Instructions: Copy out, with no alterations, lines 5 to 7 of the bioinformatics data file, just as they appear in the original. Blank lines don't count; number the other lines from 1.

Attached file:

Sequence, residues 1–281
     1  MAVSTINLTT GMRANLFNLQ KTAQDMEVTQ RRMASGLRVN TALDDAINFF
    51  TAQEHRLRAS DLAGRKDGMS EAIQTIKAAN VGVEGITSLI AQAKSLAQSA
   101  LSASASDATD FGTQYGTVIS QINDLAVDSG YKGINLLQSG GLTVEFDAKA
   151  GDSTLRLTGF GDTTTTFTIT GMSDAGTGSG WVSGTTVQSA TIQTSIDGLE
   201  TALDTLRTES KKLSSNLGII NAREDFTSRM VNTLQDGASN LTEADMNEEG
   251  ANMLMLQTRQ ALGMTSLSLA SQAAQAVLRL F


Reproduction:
   151  GDSTLRLTGF GDTTTTFTIT GMSDAGTGSG WVSGTTVQSA TIQTSIDGLE
   201  TALDTLRTES KKLSSNLGII NAREDFTSRM VNTLQDGASN LTEADMNEEG
   251  ANMLMLQTRQ ALGMTSLSLA SQAAQAVLRL F